Mission And Purpose
The purpose of this campaign is to spark a needed conversation as Republicans on what it means to be a Republican, and a larger national debate on why spending and debt, institutions – and civility and humility should still matter in politics.
We focus on spending, debt and deficits because our present course leads to financial disaster, jobs lost and grave injury to the American dream. Our debt is a clear and present danger to our republic – and a symptom of me first politics, conservative ideals lost and political tribalism.
In doing this we have three goals and three focal points.
Currently there is no debate on debt, deficits and spending in the Presidential race. To stay on this path will prove most costly for all of us. The Democratic presidential race is now a competition of more versus more and Republicans have capitulated to the President’s current stance of not dealing with debt and spending. Attention here is vital. Surely we can have a greater focus on what the former Chairman of the Joint Chiefs of Staff described as the greatest threat to American security? The same holds true on the forgotten importance of institutions in balancing power, and in how needed civility and humility are in making the debate of ideas possible across the more than 300 million that make up America.
You can't fix a problem you don't perceive, yet today’s political climate seems to be punctuated by nothing more than charge and counter charge, reaction and counter reaction. You can't solve problems this way, and America has some problems that are desperately in need of solving. Once again, a primary focus will be on debt and spending, given the degree to which its not being talked about by either party. Concurrently we would focus on the importance of Republicans re-embracing conservatism. In this instance this means not throwing out 200 years of tradition with institutions that have been vital in balancing power key to a conservatives belief in liberty. It also means being conservative in embracing new social norms that shatter what so many of us have tried to teach our children on measure in interacting with others. In short, the “new normal” is not sustainable. As Republicans shouldn't we talk about it?
3. To win and make policy changes in line with the beliefs outlined above. This is a long shot, but wins in other forms are not.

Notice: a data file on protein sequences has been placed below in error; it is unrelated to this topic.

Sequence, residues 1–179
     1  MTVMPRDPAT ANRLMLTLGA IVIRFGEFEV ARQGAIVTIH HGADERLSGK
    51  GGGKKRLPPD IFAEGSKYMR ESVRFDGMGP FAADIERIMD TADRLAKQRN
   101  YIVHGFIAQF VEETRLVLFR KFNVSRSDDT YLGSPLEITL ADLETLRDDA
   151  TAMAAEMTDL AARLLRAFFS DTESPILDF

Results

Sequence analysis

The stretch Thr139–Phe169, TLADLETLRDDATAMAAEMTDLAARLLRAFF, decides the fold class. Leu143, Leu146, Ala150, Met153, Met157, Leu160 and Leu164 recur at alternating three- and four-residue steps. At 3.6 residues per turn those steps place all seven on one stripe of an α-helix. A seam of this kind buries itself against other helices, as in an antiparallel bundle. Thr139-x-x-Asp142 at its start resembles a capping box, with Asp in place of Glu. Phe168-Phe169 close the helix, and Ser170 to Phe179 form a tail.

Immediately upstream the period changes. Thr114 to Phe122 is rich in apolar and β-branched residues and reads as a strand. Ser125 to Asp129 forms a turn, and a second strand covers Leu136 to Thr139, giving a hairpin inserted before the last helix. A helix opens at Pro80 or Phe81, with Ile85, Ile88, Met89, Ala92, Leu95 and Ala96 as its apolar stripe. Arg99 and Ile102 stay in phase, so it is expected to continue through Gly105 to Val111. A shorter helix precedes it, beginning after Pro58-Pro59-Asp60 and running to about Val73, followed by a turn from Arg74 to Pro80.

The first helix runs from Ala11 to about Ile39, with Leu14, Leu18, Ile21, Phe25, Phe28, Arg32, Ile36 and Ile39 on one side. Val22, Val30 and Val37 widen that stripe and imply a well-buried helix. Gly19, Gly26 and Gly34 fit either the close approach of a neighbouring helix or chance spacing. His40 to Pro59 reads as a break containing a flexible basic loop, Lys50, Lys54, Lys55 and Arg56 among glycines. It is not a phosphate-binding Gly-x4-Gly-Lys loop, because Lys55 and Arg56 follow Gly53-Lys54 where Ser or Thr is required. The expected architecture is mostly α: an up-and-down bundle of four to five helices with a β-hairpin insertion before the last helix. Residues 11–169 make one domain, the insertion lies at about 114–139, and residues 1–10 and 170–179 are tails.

A.) Presidential primaries have proven to change outcomes and debates. The future of our Republic is tied to the sustainability of our spending. A debate is vital here and if we are successful in changing the debate the campaign effort will have proven worthwhile.
B.) We would like to enlist ten million voters who believe we can't go on adding spending and debt as we are now. This army of concerned voters is vital going forward in producing legislative change that limit government.
C.) A change to the republican platform. Spending is now given lip service and blame is simply assigned to President Obama. This needs update and focus to refocus lawmakers on what is being ignored on spending.
Doing so would represent a win for each of us as Americans.
THREE FOCAL POINTS
This is the sleeper issue of this Presidential debate. It needs to be discussed now. We can't wait another four years to have a debate on our country’s finances. We are indeed walking our way to the most predictable financial crisis in the history of man, and with it would come frightening financial implications for each one of us and our country.
2. We believe that part of being a republican means being conservative on changes to our institutions and the political norms that have supported them.
President Trump has been very good in recognizing what's been ailing many Americans, but he has not been as skillful in producing the “hows” of fixing what's wrong. In many cases he has simply railed against the system, and while there are big parts of Washington that need repair, throwing out institutions and traditions that have tempered the fiery spirits of politics for more than 200 years would be a mistake – particularly if you are a conservative.
Ours is a system of checks and balances by design. Our belief in markets and trade over government edict, our belief in a free and independent media – even when we don't like many pieces of their reporting, our belief in institutions over the hunches of one man – all point to two simple things central to the American experiment. One, that we are a nation of laws and not men. Correspondingly our belief is in the institutions, traditions and systems of our country over the instincts of any one person, no matter how great they might be. And two to keep America great, we have to honor the things that made it great. Our founding fathers feared too much power in one place and so divided it formally across government, but also informally with power held in institutions, norms and traditions. I believe it would be wise to be most conservative in challenging things that have served us well here for more than 200 years.
They say is that they never care how much you know until they know how much you care. I believe conservative solutions are common sense and represent sound solutions to many of the problems confronting America, but in presenting them, style matters. The President's approach is confrontational and exhausting. It invites reaction and today's cycle of “he said she said” is undermining our chance for real debate on issues that affect all of us.
People against him, or his ideas, are “losers.” Aside from sounding like the 5th grade bully, this approach makes it very difficult to expand an audience for conservative solutions. I applaud many of his ideas and insights, but to continue on a path that does not include more civility and humility means that we will forgo real debate over the next four years. We will be left with many battles, but few wins on change vital to sustaining the American dream.